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Walking the City: The many faces of Alderwood

October 9, 2013 | Shawn Micallef | Comments (1)

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On Saturday we walked Alderwood, one of the walks we're doing this fall as part of the Writer in Residency, designed to get people thinking, talking, and hopefully, writing about their city. I had only a rough route in mind and hoped people would contribute their thoughts along the way. They did. Here at our first stop people remembered a bar and convienence store in a currently vacant building, things that otherwise tend to go unrecorded. In just about 1.5 hours, we saw some varied landscapes. All photos by Phyllis Jacklin

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Deeper into the neighbourhood we passed by Alderwood's variety of housing types, most built in the couple decades after the war, including many wartime houses like this one above.

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Part of what makes Alderwood interesting is how much industry is there. Here tractor trailers unload just across from houses. It's a mix that cities used to have all over, but now we separate these things with greater distances. Here people working in a factory can actually walk to work.

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There are also some modern gems in the neighbourhood, and many houses that have multiple apartments inside.

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Good neighbourhoods have good pedestrian passageways and are permeable, making what might be longer distances in a car much shorter on foot.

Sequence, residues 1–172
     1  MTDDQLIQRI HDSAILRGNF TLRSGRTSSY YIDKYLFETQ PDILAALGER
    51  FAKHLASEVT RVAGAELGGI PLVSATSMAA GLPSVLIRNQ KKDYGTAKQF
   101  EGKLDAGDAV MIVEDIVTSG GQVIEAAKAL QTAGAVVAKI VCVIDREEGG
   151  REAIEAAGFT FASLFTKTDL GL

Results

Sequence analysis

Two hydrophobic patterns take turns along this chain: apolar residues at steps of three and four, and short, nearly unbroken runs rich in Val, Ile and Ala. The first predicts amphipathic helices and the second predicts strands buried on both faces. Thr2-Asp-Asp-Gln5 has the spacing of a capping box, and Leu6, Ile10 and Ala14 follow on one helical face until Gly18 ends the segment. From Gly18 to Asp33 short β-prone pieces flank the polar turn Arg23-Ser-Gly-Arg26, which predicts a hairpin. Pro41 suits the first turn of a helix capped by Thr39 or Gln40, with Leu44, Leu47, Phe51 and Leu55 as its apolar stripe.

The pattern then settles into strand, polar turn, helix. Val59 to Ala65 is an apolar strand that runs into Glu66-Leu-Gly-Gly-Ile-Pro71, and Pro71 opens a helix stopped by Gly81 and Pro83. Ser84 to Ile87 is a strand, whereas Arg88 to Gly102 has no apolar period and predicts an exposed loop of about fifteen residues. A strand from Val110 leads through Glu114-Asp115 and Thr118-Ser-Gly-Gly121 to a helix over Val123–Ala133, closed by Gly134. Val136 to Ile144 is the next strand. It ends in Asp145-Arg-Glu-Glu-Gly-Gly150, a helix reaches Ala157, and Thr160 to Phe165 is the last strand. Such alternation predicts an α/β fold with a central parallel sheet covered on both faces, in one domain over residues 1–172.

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Lots of modern design elements in Alderwood, including this church.

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Like so many stripmalls around Toronto's inner suburbs, this one at the top of Brown's Line is filled with independent stores of all sort.

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Neat. An old farm house made from river stone, likely from nearby Etobicoke Creek.

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We all went down into the creek, a great linear park, partially forested, with fine views of Mississauga just across the water. Walking the few blocks to the park probably traced the steps of that farm family.

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After a day of rain, the creek was still draining the watershed and was running quite fast.

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Before heading back up out of the floodplain we walked underneath the QEW overpass to see the original 1932 concrete arches of the original bridge. When designed, the QEW was much more of a parkway than the expressway it is today.

There are a 1000 stories in the naked city, as the saying goes, and you should be writing some of them. Writer in Residence Shawn Micallef will be encouraging people to write about their city. Follow along here on city explorations and journeys into the library stacks. Shawn will also be posting some of the city-writing that he receives from people like you.

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